Where will you not see much of Rogue this summer? In the new X-Men movie.
Every time I type “superheroine” into Microsoft Word, it’s underlined with a red squiggle to tell me that there’s no such term. “Superheroine” is as made-up a concept as “asdfjlad,” and the computer’s all-knowing dictionary adds insult to injury by asking whether I really mean to type “superhero.”
I was a feminist before I was a geek. Unfortunately, this summer's comic book blockbusters make it tricky to be both.
We always complain about about bad sex scenes and unrealistic sex in pop culture, but what makes really good sex writing? Best Sex Writing 2013 editor Rachel Kramer Bussel and Smut Peddlercomics publisher Spike talk with us about what they've learned makes great writing about sex.
Also featuring thoughtful cameos from cartoonists Erika Moen and Colleen Coover, plus AJ from feminist sex-toy boutique She Bop, who recall their favorite cinematic sex scenes. It's all way too much fun.
A transcript of the show and more ways to listen to the show are below the cut.
From February 25th through March 8th, an exciting exhibition of women's socially engaged graphic art called Feminist Pencil filled the Borey Gallery in St. Petersburg, Russia. Curators Victoria Lomasko and Nadia Plungian collected comics, posters, and street art from Russian, Ukrainian, and European activist artists.
Each week, artist Erika Moen explores some aspect of sex and reports back on the result for her illustrated column, Oh Joy Sex Toy. This week, Erika dives deep into a topic that has gotten not nearly enough discussion: how to eat someone out.
Welcome to Ms. Opinionated, our weekly advice column dealing with questions of life, love, feminism, and pop culture. Submit your anonymous questions here. This week, Nicole Georges takes on a question from a server who has to deal with a big ol' pile of sexism at her job. Nicole responds with a comic!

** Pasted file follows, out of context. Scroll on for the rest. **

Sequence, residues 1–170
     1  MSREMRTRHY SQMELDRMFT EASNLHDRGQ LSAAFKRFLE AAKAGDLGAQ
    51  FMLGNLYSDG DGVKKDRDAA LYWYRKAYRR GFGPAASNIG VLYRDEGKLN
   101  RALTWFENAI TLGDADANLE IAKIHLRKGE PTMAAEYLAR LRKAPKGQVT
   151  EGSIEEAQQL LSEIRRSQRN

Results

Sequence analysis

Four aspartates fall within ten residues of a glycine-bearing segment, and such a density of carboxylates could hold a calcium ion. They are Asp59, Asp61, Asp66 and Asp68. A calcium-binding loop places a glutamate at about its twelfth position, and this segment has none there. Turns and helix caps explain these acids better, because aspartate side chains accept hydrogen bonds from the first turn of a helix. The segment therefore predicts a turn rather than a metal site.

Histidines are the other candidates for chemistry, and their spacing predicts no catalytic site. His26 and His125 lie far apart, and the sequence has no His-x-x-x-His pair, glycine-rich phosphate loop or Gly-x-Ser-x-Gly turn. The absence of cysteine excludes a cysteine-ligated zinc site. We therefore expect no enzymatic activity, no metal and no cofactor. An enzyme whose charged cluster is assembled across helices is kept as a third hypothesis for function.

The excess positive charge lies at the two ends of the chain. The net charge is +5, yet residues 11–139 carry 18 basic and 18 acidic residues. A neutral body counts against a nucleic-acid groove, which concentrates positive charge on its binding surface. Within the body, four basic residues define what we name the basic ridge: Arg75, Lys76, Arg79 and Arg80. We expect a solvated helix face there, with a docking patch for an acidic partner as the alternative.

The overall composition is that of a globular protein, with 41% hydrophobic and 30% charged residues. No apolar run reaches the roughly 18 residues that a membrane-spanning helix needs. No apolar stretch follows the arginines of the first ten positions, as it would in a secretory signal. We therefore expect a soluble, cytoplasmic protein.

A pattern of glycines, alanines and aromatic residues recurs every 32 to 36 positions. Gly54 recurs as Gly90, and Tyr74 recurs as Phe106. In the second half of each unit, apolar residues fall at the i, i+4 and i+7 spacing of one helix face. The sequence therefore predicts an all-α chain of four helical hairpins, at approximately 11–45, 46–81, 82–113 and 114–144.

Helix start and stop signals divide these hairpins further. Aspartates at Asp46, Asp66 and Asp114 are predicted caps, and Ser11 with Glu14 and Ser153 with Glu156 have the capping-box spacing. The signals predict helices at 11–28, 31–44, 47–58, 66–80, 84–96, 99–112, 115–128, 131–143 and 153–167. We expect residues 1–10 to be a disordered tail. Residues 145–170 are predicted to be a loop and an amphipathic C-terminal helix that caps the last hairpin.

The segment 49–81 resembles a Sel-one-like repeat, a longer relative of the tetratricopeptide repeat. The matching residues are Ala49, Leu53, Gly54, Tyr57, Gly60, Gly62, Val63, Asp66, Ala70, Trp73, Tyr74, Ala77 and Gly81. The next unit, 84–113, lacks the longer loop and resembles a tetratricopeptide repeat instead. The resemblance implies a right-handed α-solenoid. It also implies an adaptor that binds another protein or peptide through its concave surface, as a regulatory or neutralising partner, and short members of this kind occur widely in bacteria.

I am a server at a chain steakhouse restaurant. I'm wondering what kind of advice or suggestions you might have regarding sexist comments that customers make.
Image is a comics publisher that puts out creator-owned stories—you’ve probably heard of The Walking Dead, Wanted, or Spawn, and maybe you’ve read Saga, the space adventure that’s been selling like hotcakes at comic shops. But Image is also notable for publishing comics that don’t shy away from featuring women as their protagonists, putting them in pretty stark contrast to the big publishers with whom they compete.
Image recently launched three brand-new titles that promise to bring a little more gender diversity to the world of comics, from a band of debaucherous lady adventurers to a time-travelling teenage cop. I read through these three titles and also talked with writer Kelly Sue DeConnick and illustrator Emma Ríos about their series, Pretty Deadly, which is a classic Western with an unusual lead: Death’s daughter.
It feels like everyone is rooting for Allie Brosh. The 28-year-old Hyperbole and a Half artist and writer has holed up in her bedroom for the past four years, churning out unique webcomics that have come to define a modern style of internet storytelling. Brosh is both extremely talented and wildly self-effacing—she surprises millions of readers with how deep a punch her colorful stick figures can pack.
Now, Brosh’s favorite comics and some new, unpublished ones have been collected in a book from Simon and Schuster. I talked with Brosh as she rode in a car through San Francisco, squeezing in interviews while her book tour hits the road.